• ePBL quiz (module 2) 10% of unit mark.

Oral assessment:

  • An oral presentation (module 4) of 10 minutes to present the results of your experiments (20% of unit mark).


The RSM assessment will be split 25% for each module. In each module assessment will consist of a combination of coursework and individual and group exercises taken during class. Current coursework consists of a figure with accompanying legend for module 1,2 and 3 with additional short answer questions and ePBL assessments. For module 4, the assessment will consist of a presentation, and in-class exercise.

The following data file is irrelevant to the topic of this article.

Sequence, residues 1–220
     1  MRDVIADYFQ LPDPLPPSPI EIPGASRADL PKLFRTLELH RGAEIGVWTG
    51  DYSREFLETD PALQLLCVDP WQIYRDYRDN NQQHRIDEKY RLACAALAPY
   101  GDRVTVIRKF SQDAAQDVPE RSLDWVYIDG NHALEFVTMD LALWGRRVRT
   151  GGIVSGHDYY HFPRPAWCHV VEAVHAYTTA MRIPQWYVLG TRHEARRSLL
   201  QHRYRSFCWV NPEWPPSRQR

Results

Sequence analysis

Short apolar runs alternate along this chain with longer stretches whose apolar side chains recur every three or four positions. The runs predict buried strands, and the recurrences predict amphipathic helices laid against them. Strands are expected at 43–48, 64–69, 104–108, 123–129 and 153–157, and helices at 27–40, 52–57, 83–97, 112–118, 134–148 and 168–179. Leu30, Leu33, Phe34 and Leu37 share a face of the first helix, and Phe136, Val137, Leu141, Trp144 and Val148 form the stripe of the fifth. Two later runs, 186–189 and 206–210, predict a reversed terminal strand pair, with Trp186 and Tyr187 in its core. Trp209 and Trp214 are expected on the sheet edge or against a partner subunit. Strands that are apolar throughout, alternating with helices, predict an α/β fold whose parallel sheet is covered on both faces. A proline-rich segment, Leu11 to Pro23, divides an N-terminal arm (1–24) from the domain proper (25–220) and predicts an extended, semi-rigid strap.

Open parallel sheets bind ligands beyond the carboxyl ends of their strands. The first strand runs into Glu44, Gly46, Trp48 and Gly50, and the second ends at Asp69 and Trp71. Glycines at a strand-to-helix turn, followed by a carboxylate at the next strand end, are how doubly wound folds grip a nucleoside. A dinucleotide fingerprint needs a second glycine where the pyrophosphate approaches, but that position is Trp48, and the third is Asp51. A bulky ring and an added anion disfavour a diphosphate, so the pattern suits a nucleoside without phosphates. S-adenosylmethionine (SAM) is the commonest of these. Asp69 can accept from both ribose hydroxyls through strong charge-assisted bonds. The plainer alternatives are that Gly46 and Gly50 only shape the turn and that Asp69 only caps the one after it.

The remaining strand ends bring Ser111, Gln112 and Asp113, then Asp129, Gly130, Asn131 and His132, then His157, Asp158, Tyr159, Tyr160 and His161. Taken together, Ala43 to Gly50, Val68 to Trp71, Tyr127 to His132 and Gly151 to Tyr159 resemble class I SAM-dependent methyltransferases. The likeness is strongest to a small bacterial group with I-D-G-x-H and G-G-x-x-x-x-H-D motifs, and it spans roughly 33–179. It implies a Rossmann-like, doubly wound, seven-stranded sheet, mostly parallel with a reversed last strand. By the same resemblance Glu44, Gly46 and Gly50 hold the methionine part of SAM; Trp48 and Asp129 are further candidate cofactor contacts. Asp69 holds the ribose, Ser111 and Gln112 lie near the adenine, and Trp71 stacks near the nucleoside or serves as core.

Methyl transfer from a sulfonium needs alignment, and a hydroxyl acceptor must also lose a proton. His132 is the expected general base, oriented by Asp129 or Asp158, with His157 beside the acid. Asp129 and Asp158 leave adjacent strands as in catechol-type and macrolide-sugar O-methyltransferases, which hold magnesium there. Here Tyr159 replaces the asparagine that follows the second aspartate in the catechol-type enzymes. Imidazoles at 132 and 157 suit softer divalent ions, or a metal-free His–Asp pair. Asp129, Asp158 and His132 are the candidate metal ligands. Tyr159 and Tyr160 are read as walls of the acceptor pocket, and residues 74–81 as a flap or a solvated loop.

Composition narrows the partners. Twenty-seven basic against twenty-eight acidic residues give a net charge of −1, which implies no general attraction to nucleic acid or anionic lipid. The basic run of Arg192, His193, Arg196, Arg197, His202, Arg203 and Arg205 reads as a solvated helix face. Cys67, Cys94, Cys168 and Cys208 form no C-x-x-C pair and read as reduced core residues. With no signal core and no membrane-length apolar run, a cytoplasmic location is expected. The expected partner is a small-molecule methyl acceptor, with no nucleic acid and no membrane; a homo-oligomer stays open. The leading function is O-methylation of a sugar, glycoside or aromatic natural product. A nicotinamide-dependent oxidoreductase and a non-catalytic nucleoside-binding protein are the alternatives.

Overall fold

RSM Attendance guidelines

Students are expected to attend all scheduled RSM sessions on time (N.B. Health and safety information will be delivered at the start of practical sessions, and students who are not present at the start may be asked to leave the lab). Students who arrive late will be marked as absent for that session. Failure to attend a session (an unauthorised absence) will result in a 10% (i.e. 10 mark) penalty being applied to the overall RSM mark (i.e. a student obtaining a mark of 65% overall will instead receive a mark of 55%). .Further absences will result in further penalties (i.e. 2 absences = a penalty of 20% (as described above)).

Feedback methods